Recent Posts on Fr. Ted’s Blog:





Announcements:


Catechism/ Inquirer’s Class

Our Catechism/ Inquirer’s Class is meeting today following the Divine Liturgy. Class will begin about Noon, depending on how soon Fr. Ted is available to begin the class. Any parish member wishing to review the basics of Orthodoxy is welcome to attend as well.

 

Wednesday Book Study

The group is meeting this week on Wednesday, at 11am to finish watching the movie, Road to Perdition. We will be discussing the theme of redemption, using the movie as a basis for discussion. Please join us this week and next for this discussion.

 

Chili Cook Off & Bonfire

October 21 will be our annual chili cook off. Vespers will be at 5pm and the cook off will begin at 6pm. There are sign up sheets on the bulletin board for those who want to bring chili and/or side dishes. Enter your chili recipe to see if you can topple the reigning champion Aaron Lessin from his chili throne. We’ll also need judges to help decide the winner. Please see Andrea Champ if you'd like to judge or if you have questions.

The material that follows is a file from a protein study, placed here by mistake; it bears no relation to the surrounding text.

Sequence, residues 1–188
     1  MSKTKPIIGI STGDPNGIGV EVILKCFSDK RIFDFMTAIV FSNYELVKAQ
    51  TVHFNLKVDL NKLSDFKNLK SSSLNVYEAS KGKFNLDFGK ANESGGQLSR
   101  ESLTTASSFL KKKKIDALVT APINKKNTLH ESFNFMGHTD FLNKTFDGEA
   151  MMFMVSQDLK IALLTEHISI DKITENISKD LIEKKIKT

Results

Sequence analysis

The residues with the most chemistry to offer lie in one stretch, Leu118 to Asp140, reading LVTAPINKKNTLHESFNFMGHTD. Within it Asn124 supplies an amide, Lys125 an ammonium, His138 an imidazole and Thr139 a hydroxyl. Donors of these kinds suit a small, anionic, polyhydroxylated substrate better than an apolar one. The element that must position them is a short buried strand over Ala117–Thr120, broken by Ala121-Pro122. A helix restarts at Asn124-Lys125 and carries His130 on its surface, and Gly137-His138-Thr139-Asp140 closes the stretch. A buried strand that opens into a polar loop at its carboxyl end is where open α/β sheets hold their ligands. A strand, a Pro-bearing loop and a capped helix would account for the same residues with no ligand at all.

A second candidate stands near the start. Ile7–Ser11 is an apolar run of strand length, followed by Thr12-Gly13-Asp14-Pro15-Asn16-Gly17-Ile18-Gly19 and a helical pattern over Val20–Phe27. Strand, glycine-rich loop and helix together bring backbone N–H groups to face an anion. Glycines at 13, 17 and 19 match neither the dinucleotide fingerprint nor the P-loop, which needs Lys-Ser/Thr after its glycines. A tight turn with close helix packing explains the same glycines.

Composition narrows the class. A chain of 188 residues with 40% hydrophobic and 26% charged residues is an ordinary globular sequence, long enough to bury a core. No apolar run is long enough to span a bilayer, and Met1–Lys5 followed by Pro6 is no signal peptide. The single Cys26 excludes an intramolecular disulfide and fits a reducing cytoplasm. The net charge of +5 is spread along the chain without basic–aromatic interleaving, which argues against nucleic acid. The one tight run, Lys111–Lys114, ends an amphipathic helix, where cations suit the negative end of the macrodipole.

Youth Retreat with Bp. Paul

Join Bishop Paul and other teens from across the Midwest for a virtual youth discussion and overnight retreat to strengthen your Life in Christ. The retreat is October 27-28 at various locations in the Midwest. David Short and Tammy Abshear are putting together an event for our parish’s teens--details will be announced. See them with questions.

 

Relief Buckets for IOCC & Hurricane Relief

Our parish will be supporting the hurricane relief efforts of IOCC by providing them with clean-up buckets.  These buckets will be filled with supplies needed by the  volunteers  who go into damaged homes to begin the clean-up process.  We are planning to fill and ship 54 buckets. You can contribute financially to by sending money to St. Paul with the funds noted for "IOCC Buckets".  You can fill your own bucket if you like.  We will also need many hands when it comes time to fill the supplies into the buckets. For more details about the bucket, you can go to the IOCC website, https://www.iocc.org/take-action/assemble-emergency-kits/clean-up-bucket. Or you can contact Maria Brausch if you have any questions.